Insurance Versus Private Sleep Apnea Testing Companies:
Did you know that following the traditional route of using your health insurance for your sleep apnea test could end up causing you major headaches and potentially costing you thousands of dollars? Read on to avoid potentially costly pitfalls.
Sleep apnea is an extraordinarily common medical problem. Research suggests that as many as 20-40% of adult Americans have the disorder and 80% of those are as-yet undiagnosed. In this article, I discuss potential advantages of having sleep apnea testing without insurance. First, you need to know some background about the history of health care in the United States.
Pre-Existing Conditions: Then and Now
In the past, there was a great deal of anxiety about having a medical condition documented in your medical record due to the ramifications of having a "pre-existing condition." The concern was that, with pre-existing conditions, the insurance company might increase your health care premium or deny you coverage altogether. The insurance companies would be incentivized to do this because your pre-existing condition might cost the insurer too much money to allow them to make any margin on you. Certainly, a sleep apnea test and CPAP equipment could be quite expensive for an insurance company to pay for.
ACA to the Rescue
One of the most popular parts of "Obamacare" was putting this issue to rest. The Affordable Care Act (ACA) forbids insurers from holding pre-existing conditions, such as sleep apnea, against you when determining your eligibility for coverage and your premiums. Therefore, the fear and loathing about pre-existing conditions is gone and everyone should take advantage of their health insurance benefits to pay for their sleep apnea study, right? Let's unpack that assumption and learn about some reasons why you might want to choose a company that can offer you a "no insurance sleep apnea test."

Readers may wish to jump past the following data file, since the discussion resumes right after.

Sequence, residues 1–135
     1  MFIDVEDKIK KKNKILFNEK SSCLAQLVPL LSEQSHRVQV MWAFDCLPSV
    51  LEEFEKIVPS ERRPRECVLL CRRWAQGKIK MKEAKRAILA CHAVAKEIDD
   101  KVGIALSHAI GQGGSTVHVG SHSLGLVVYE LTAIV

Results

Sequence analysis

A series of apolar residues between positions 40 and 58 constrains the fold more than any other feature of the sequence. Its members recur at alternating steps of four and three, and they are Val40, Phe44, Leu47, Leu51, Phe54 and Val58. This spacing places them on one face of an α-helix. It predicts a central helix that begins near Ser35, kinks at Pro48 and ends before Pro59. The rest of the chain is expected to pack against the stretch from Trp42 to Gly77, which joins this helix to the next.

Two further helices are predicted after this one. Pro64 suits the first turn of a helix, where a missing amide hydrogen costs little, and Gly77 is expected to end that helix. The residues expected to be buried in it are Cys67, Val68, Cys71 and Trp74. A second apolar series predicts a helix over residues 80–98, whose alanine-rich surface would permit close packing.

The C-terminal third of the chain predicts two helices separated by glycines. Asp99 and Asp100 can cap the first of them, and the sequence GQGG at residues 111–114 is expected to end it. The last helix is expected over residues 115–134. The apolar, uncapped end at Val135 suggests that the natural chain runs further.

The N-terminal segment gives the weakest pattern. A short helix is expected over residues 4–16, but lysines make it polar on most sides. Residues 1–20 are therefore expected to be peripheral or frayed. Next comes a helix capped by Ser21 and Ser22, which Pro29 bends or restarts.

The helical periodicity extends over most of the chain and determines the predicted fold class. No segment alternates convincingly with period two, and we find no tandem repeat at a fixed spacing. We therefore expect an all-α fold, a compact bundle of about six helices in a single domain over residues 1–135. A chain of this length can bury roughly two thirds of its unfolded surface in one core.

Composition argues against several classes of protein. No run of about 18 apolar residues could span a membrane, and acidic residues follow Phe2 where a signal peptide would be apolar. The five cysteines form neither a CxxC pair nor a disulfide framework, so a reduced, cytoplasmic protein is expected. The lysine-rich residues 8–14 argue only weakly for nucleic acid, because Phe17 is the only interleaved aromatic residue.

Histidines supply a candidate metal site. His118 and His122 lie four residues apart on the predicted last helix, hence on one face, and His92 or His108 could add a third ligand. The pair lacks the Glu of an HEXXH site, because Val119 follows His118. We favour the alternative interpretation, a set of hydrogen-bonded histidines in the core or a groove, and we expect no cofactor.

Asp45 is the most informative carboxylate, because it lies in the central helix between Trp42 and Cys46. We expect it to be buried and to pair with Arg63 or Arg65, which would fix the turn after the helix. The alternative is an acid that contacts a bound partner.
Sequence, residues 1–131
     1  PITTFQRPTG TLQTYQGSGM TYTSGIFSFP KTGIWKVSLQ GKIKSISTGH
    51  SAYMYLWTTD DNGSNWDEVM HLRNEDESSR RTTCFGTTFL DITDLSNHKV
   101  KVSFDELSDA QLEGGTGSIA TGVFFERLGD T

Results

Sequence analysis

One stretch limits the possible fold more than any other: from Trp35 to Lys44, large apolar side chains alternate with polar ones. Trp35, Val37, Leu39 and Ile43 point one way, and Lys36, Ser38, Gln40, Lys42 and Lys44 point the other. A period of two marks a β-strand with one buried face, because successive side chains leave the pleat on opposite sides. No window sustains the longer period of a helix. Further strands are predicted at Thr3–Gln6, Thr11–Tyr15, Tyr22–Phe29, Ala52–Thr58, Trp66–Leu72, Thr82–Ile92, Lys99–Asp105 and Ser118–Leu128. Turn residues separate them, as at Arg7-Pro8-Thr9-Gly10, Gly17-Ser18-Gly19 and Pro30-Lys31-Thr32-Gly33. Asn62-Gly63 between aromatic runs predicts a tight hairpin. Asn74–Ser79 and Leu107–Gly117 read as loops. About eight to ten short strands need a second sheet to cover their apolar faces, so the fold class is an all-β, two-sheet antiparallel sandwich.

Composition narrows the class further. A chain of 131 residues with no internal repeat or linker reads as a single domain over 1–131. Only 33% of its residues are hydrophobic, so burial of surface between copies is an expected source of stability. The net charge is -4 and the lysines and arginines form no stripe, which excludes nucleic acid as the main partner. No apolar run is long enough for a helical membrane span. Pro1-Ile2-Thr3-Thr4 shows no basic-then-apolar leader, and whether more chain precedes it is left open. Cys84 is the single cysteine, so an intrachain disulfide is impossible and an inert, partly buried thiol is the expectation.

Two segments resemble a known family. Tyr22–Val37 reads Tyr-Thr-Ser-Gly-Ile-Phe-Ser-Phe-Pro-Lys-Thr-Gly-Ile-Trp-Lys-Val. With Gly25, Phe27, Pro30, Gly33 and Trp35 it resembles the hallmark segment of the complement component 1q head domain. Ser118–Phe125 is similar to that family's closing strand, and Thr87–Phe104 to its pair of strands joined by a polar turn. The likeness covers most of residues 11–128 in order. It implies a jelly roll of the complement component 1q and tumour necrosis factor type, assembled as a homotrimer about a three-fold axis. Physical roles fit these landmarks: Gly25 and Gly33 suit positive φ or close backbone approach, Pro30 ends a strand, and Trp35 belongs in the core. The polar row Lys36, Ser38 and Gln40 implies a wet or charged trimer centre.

In Certain Circumstances, Having Sleep Apnea as a Pre-Existing Condition Can Still Cost You
There are a few areas where you may still need to be aware of having pre-existing conditions documented in your chart. Remember, if you go through your insurance, any test results and diagnoses will become part of your permanent record, so don't forget to think ahead.
Let's say you have a family; a wife or husband and a few children. If you're the major breadwinner in the family, getting life insurance is a smart investment. With life insurance, you can sleep well at night knowing that, should something happen to you, your family will be financially taken care of. You need to know that life insurance is different from health insurance. Life insurance companies can still take your medical conditions into account when determining your premium. Life insurance actuaries know that sleep apnea increases your risk for sudden death, heart attack, stroke, and cardiac arrhythmias. It's only natural that your premiums will bump up due to your documented sleep apnea. Since you'll likely be paying this premium over upwards of 20 years, there may be a significant cumulative hit to your finances.
Truck driving is the most common job in the United States. Sleep apnea has become a major issue for drivers. Drivers are increasingly under more restrictive demands to be screened and tested for sleep apnea, due to the strong association between sleep apnea and motor vehicle accidents. This same level of scrutiny is starting to apply to pilots, boat captains, train engineers, and other transportation-related professionals. A diagnosis of sleep apnea can be a game-changer if you work in one of these fields, as you will be forced to use a CPAP machine and demonstrate sufficient "compliance" with the treatment. If you do not, your medical card will not be renewed by your occupational health physician. This, of course, will prevent you from working and take money right out of your pocket.
Many drivers like the idea of seeking a sleep apnea test outside of their insurance, even preemptively pursuing testing before they are required to do so by their DOT (occupational health) physician. This way, they maintain control of the situation. Drivers need to know that if they get tested through their health care insurance, that test result will be added to their permanent medical record. Some drivers want to know whether they have sleep apnea to see if they can lose weight or employ other lifestyle interventions to get rid of the sleep apnea before having to report to their DOT physician.